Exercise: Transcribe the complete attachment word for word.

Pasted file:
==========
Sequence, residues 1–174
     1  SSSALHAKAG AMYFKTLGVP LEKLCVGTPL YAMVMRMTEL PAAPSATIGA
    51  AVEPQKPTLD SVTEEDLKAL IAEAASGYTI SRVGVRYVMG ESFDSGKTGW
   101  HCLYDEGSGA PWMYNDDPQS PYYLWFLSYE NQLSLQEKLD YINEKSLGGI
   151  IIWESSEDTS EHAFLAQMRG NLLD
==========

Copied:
Sequence, residues 1–174
     1  SSSALHAKAG AMYFKTLGVP LEKLCVGTPL YAMVMRMTEL PAAPSATIGA
    51  AVEPQKPTLD SVTEEDLKAL IAEAASGYTI SRVGVRYVMG ESFDSGKTGW
   101  HCLYDEGSGA PWMYNDDPQS PYYLWFLSYE NQLSLQEKLD YINEKSLGGI
   151  IIWESSEDTS EHAFLAQMRG NLLD